Log In
Friday 28th October 2016

Gaps in Palestinian health care

9th March 2009

Palestinians in the West Bank and Gaza have fragmented health services, according to a new study, due to the restrictions imposed upon people by Israeli security forces, poor management, and a growing population.


The study is the product of the World Health Organisation (WHO), and includes contributions by researchers from universities in the US, Norway, France, and the West Bank.

Infant mortality rates have risen sharply, as well as mental health cases, and many Palestinians find it difficult to find treatment for heart disease or cancer.

Tuberculosis in the West Bank and Gaza rose by more than half between 1999 and 2003, with mental disorders up by a third.

Between 10% and 30% of Palestinian children suffer a detriment to their cognitive development and physical health from malnutrition.

Hannan Abdul Rahim said that the trend of stunted growth among children is increasing, and that people are concerned about the long-term effects of chronic malnutrition.

The study said that movement restrictions affect every aspect of Palestinian life, and that this directly affects the health of Palestinians.

Richard Horton of The Lancet said that the research they have done is not about Arab politics, the status of Israel, or peacekeeping efforts.

A spokesperson for the Israeli government said that the report was one-sided, and that some 28,000 Palestinian land crossings from the border at the Gaza Strip were made during a two year span.

He said that these border crossings were made so that people could access medical services.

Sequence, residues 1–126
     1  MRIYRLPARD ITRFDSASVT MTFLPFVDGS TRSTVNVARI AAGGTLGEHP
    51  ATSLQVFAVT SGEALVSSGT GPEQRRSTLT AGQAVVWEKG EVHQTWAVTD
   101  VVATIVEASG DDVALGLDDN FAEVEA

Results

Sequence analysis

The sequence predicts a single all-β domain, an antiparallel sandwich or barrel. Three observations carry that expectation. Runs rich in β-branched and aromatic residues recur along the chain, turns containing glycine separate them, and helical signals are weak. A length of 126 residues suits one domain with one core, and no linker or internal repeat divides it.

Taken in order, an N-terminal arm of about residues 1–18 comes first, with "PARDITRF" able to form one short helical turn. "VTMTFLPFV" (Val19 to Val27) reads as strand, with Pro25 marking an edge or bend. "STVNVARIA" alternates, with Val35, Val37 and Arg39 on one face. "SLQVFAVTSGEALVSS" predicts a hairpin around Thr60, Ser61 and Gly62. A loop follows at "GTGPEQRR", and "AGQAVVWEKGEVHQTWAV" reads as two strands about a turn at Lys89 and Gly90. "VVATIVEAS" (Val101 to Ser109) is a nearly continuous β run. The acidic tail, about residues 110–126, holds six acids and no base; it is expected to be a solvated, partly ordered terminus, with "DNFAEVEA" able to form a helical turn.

He said that Israel as a policy enables people from all over the world to come to Israel for advanced medical treatment.

Mark Regev, another Israeli government spokesperson, said that the report was propaganda.

But experts from Birzeit University say that infant mortality rates and deaths of expecting mothers have not declined the way they have in other countries in the region, despite the availibility of good care and the number of child immunisations.

Abdul Rahim said that this is due to gaps in healthcare, such as a low level of post-natal care.

He said that there are pockets in northern Gaza where the level of stunted growth reaches 30%, and that it was very important that women and children have access to quality care.

Awad Mataria said that political havoc was one of the reasons for the failure of the health system, exaggerated and perpetuated under occupation.

Horton said that the latest storm of violence to engulf Gaza had been heartbreaking to watch, especially for those who had seen at first hand the predicaments faced by health professionals.

Share this page


There are no comments for this article, be the first to comment!

Post your comment

Only registered users can comment. Fill in your e-mail address for quick registration.

Your email address:

Your comment will be checked by a Healthcare Today moderator before it is published on the site.

Mayden - Innovative cloud-based web development for the healthcare sector
© Mayden Foundation 2016